the split capital sector needs market to rise again if it is to regain investors' confidence
Chris Fishwick, investment director, head of specialist funds at Aberdeen Asset Manager, believes market falls have put the split capital sector back five years in terms of its education programme.
Speaking at the Investment Week Investment Trust Forum last week, Fishwick said intermediaries and private client stockbrokers need a better understanding of splits because if they understood properly the risk attached to them, they would be more willing to take that risk.
He said the dangers attached to splits were well-documented in 1999 when the new barbell trusts were originally launched, so he said takes exception when investors say they were never warned of the risks about involved.
Fishwick said: 'Gearing and falling markets are the major villains for splits, not the cross holdings in the sector. We have been seeing a lot of reconstructions and mergers as of late in the industry, and four or five splits will not make it through the difficulties.'
Despite the pressure on the dividends of a certain number of split caps, Fishwick said most income flows are quite strong. He added that, provided the reconstructions are successful, then the dividends on the troubled splits should also go up. So far the signs have been positive from those that have reconstructed, he added.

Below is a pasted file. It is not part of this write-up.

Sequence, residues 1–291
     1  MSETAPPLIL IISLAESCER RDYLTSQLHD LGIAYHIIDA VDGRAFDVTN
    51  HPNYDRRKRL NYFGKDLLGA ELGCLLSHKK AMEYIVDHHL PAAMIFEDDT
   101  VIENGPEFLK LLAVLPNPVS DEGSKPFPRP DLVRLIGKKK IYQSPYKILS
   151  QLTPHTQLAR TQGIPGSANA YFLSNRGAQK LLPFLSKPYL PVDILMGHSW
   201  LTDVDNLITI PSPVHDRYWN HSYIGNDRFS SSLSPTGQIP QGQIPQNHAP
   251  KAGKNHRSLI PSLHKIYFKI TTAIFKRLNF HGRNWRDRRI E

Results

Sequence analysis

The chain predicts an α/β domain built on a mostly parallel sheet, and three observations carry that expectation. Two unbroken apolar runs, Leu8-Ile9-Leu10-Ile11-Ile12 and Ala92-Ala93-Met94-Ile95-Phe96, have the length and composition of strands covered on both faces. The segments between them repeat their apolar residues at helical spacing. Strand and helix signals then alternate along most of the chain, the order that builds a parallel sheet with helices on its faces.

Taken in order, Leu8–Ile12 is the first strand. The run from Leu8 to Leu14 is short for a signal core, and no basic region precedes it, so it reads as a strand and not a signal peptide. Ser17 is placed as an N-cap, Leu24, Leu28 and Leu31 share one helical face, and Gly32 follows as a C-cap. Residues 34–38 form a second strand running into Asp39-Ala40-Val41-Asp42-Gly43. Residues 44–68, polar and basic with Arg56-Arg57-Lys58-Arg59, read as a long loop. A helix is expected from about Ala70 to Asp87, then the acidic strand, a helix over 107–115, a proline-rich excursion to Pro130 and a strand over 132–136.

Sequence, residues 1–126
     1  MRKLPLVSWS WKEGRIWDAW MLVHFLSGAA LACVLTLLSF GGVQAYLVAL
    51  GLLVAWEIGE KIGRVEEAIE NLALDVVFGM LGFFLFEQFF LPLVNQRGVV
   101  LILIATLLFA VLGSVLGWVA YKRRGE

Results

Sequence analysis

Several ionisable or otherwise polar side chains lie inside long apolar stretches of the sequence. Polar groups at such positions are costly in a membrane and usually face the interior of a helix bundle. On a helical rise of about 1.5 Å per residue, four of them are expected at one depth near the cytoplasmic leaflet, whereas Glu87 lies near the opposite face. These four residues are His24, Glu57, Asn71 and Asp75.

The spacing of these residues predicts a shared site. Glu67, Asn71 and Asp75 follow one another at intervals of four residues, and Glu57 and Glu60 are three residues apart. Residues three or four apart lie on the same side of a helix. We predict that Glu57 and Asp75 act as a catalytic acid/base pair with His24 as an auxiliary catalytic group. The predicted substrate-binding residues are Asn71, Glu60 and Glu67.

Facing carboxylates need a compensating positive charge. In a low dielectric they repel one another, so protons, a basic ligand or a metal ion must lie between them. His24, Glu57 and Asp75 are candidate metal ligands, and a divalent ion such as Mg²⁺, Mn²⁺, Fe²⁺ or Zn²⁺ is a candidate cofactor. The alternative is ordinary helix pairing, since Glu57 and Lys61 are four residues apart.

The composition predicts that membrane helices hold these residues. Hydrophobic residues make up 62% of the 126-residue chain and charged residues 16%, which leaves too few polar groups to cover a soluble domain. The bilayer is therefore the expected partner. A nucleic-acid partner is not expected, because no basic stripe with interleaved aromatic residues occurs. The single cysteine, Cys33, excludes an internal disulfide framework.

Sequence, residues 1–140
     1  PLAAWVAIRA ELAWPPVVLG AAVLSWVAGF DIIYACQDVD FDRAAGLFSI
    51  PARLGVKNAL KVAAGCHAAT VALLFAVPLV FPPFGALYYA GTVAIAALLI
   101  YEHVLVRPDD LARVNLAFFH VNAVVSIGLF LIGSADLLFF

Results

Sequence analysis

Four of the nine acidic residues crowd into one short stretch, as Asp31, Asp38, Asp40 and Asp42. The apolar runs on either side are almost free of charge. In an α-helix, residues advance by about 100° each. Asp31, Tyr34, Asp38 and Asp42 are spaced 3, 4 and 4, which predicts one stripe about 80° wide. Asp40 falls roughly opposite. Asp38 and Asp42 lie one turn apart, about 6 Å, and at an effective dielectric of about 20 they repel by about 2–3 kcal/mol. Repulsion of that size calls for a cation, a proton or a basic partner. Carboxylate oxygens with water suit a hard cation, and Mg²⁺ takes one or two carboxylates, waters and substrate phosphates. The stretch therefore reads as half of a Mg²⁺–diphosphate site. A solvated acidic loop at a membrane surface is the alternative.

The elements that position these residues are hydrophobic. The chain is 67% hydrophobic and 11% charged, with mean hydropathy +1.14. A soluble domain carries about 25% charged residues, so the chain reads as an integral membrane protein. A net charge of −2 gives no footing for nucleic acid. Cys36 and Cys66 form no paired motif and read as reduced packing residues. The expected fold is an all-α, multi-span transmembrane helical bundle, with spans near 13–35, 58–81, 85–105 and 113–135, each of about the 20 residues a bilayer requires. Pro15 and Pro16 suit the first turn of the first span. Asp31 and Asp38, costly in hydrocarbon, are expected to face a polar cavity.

'Reconstructions will help repair the sector, but it will take a few months before this really becomes clear to the market. There are about 30 splits in the universe of 130 that are in trouble ' these will work through their solutions to their problems until around March 2002.'
Splits need the markets to go up, said Fishwick, and if you do not believe this will happen then you should not invest in these types of vehicles.
He said: 'Historically, splits tend to follow, rather than lead, the market, so they need a long-term market rally before they start going back up.'
Fishwick believes one of the lessons learned in the split sector is that the practice of locking in debt has now been proved to be incorrect. With many trusts having to de-gear in the current economic conditions, the break costs have proved to be expensive for the trusts.
On the question of zeros, Fishwick said that, when the cover is eroded, zero shares behave more like capital shares. He said: 'What must be remembered is that zeros have always been risky assets because they are linked to equities. They were and never have been low risk, hence the volatility we are currently seeing.'
Two global vehicles
'Further plug advice gap'
Must appoint separate CEOs and boards
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Will report to Mark Till